Discuss using arange of examples the internaland external factors that an organisation shouldtake into account when producing a information systems strategy[20]

Topics: Management, Decision theory, Risk Pages: 5 (1530 words) Published: February 10, 2014
An Information systems strategy is defined as an “business plan with interrelated components working together to collect, process, store and disseminate information to support decision making, coordination, control, analysis and visualization in an organization.” It can also be defined as a system that enables companies to change or alter their strategies and their structures as pertains to their business operations. A Information System Strategy (ISS) is used to fasten and streamline the time of reaction towards environmental changes and to help the business in getting a competitive advantage. Some of the key features of a Information System Strategy are decision support systems, enterprise resource planning solutions, database systems and real time information systems. Internal factors are defined as factors within the technological context and organizational context of an organisation. Organizational context refers to descriptive measures regarding the organization, such as firm size and scope, managerial structure and internal resources. External factors however refer to the factors within the environmental context that describe the arena in which a firm conducts its business, its industry, competitors and dealings with government. There are a number of external and internal factors which are taken into account when one is producing an Information Systems strategy for an organisation which include the following. External factors:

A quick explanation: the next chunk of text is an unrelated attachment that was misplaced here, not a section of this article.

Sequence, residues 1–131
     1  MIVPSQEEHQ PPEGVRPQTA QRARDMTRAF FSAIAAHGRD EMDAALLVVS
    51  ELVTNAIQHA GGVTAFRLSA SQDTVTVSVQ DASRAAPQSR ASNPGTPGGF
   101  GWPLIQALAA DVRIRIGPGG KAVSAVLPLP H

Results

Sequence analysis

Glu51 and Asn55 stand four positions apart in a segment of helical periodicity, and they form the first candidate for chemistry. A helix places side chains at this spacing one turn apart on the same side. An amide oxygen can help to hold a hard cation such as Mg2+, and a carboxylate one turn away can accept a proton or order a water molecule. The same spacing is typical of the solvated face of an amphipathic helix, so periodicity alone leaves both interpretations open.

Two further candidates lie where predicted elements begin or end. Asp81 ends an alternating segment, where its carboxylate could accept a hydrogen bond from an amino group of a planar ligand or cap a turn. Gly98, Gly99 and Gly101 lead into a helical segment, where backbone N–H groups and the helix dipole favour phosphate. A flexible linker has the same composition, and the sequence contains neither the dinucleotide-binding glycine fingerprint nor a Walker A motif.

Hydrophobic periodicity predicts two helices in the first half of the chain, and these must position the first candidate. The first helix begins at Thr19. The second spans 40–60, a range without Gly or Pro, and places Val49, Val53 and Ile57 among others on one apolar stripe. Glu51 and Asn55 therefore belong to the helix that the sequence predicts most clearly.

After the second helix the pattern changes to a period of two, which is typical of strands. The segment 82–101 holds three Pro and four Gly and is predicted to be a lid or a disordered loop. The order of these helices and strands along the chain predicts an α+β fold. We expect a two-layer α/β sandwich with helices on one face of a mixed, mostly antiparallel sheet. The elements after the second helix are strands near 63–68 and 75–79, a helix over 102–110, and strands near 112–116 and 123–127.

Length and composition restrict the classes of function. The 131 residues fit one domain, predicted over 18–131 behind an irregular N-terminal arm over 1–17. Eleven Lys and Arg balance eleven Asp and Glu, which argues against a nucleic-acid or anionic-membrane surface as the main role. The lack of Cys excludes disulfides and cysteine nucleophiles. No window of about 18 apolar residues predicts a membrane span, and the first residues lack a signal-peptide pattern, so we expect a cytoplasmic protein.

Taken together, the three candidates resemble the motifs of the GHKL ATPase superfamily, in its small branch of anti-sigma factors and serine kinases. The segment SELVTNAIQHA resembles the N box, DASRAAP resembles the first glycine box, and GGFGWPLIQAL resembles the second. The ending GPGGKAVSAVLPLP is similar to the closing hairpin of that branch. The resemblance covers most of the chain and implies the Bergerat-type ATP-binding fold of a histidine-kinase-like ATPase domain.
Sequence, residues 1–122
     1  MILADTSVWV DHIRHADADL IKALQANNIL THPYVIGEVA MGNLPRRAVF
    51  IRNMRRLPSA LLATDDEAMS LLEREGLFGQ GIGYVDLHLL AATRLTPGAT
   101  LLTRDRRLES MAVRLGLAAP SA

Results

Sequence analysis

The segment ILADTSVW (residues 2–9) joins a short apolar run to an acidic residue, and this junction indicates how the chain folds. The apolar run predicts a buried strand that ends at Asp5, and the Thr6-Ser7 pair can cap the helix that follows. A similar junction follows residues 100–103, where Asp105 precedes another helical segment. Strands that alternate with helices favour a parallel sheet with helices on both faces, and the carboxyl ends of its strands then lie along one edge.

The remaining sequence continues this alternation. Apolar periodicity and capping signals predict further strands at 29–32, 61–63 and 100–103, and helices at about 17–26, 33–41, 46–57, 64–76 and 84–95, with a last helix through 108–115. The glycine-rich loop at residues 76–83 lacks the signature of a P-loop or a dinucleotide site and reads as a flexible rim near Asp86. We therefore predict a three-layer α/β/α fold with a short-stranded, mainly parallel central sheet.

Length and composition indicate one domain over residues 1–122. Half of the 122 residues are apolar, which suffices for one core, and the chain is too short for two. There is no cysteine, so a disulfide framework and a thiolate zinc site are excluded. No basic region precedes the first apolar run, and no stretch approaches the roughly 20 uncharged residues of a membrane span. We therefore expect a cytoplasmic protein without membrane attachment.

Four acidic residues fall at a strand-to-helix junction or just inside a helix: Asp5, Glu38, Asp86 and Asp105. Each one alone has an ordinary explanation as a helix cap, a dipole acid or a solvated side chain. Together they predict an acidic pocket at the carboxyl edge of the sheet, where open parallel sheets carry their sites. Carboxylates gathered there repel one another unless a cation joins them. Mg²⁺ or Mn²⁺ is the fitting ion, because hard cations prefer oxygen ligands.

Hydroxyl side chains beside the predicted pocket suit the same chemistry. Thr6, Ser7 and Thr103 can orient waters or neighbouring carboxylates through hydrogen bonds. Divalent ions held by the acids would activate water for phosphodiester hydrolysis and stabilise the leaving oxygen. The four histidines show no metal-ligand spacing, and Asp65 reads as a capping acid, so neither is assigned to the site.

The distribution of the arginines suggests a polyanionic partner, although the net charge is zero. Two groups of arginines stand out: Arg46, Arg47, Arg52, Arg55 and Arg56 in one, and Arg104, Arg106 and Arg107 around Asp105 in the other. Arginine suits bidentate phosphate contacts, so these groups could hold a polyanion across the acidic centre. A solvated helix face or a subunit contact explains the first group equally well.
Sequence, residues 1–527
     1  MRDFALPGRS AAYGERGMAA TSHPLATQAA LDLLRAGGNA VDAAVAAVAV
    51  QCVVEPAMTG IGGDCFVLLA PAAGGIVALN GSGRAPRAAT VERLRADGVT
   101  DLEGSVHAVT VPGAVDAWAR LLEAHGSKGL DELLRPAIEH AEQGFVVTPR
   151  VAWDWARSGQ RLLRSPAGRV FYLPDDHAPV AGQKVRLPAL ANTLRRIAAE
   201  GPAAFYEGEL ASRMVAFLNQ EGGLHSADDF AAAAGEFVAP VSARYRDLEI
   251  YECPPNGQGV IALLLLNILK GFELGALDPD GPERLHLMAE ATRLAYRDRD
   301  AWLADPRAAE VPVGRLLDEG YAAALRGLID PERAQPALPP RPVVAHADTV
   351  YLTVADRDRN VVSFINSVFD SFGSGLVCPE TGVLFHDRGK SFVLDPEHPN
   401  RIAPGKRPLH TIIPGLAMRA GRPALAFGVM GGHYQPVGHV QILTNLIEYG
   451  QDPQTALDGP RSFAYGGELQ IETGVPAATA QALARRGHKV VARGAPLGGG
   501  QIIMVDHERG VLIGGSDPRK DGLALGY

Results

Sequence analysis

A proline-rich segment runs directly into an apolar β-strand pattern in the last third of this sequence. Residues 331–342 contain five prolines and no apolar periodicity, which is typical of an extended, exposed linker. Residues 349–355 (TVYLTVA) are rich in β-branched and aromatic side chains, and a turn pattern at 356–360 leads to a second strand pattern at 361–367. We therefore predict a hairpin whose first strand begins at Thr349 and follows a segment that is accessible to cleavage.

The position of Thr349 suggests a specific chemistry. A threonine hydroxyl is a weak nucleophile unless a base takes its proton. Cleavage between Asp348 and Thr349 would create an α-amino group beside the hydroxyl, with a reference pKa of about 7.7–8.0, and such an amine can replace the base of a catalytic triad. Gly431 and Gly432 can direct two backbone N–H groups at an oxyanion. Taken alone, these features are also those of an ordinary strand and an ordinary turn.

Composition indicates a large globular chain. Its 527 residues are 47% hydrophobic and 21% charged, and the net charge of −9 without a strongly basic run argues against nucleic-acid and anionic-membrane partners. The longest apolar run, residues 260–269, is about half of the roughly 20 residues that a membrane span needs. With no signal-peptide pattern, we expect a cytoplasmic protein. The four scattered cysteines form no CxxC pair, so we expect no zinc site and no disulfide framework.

For many firms, pressure to keep up with the competition, providing a means to enhance survival and/or growth, managing change, promoting services to customers and staying competitive and/or enhancing innovation abilities have forced them to adopt information systems strategies. It will be best for one to look at the IS/IT factors that would boost the competitive advantage before implementing a system, while others suggested that the main driving forces to move toward IT tools adoption in organisations are internal factors. The process of producing an IS strategy within organisations also depends on the characteristics of the marketed IS/IT products which consist of a cluster of factors including type, process compatibility, user friendliness and popularity of implemented IS/IT, quality of software available in market, security and the costs of the products. For example Pastel accounting package is popular software in the Accounting industry which comes with an affordable price for all organizational scales. These also include the external expertise, services availability and support offered. Many technological factors such as the programs that are going to rely on technology so as to enable the organization to comply with its policies and execute its information management processes should be taken into account. The right application of technology can provide the organisational systems with a great degree of control over information while having a minimal impact on daily activities of staff. For instance they are vendor solutions that have some pre-packaged workflows that fit certain organizations, but however the principles, policies and procedures that form the current information management processes should be the primary driver of one’s vendor selection process. For example Bakers Inn had manual point of sales systems where there was 100% use of paper work on data capturing and processing transactions, an external vendor had a Handheld point of sale which needed a slight twist to suit the principles, policies and procedures of Bakers Inn, therefore the vendor system proved to be a successful implementation. Government interference is a factor to be considered since their initiatives and policies could directly and/or indirectly stimulate the development of IS infrastructure and information provision to energize faster technology diffusion. Nevertheless governmental interference in most cases is generally not advantageous but yet inevitable. For example through ZIMRA the Government of...

References: 7. Ward, John, Griffiths, Pat and Whitmore, Paul, Strategic Planning for Information Systems,
John Wiley & Sons, 1990.
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